The Ford Foundation in New York then offered him a fellowship at a prestigious university on the East Coast of the US, the University of Pennsylvania (also known as Penn) in Philadelphia. “America was a big change to someone who had gone through the Irish system,” Canny says. “The facilities and libraries in the college were of a very high standard, and the staff were dynamic. ” One drawback to big city life in America was the level of crime, as West Philadelphia, where Penn is located, was then a dangerous area. His Ph.D was awarded in 1971. During that period of earning his doctorate, his first paper, on Hugh O’Neill, 2nd Earl of Tyrone, was published (in 1970), and in following years his further examinations of Gaelic Ulster were put in print.

He then began lecturing at NUI Galway in 1971. “Teaching at NUI Galway in the 1970s was quite a challenge, and completely different from what I had experienced in the US,” Canny says. “We had up to 250 students in a small room, all on one level so students at the back of the room had a hard time seeing things clearly. The University system was impoverished in those days and that made it harder to teach due to lack of resources.” Things did improve over the years, and NUI Galway, as anyone who has attended or visited the University can attest, now has a deserved reputation as a fine centre of higher learning.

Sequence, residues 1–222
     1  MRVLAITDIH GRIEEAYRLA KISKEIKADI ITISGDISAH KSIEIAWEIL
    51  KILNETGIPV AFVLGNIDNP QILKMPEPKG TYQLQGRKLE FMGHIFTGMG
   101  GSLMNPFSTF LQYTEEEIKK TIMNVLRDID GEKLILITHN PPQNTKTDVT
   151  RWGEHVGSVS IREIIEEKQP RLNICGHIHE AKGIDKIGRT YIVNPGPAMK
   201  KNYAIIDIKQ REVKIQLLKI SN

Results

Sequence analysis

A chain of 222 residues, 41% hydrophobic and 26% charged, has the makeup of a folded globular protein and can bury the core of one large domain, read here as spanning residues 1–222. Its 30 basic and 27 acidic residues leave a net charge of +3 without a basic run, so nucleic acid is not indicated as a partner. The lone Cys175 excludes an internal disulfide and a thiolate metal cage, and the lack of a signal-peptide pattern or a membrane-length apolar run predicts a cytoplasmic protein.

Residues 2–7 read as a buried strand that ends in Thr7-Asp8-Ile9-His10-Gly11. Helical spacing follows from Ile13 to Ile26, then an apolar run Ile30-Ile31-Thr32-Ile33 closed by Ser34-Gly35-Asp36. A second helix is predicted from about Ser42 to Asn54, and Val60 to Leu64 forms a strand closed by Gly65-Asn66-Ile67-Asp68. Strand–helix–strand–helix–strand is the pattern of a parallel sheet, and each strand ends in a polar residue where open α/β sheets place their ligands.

His list of honours and writing credits is impressive. His 1976 book entitled The Elizabethan Conquest of Ireland: a Pattern Established, 1565-76, gained international attention, and built on his Ph.D studies in the United States. He is the only person to have won the Irish Historical Research Prize on two occasions, for the aforementioned 1976 work and in 2003 for Making Ireland British: 1580—1650.

In 2003, he was appointed to the Steering Committee of the European Science Foundation and to the Executive Committee of the new Scientific Programme entitled ‘National Histories in Europe’.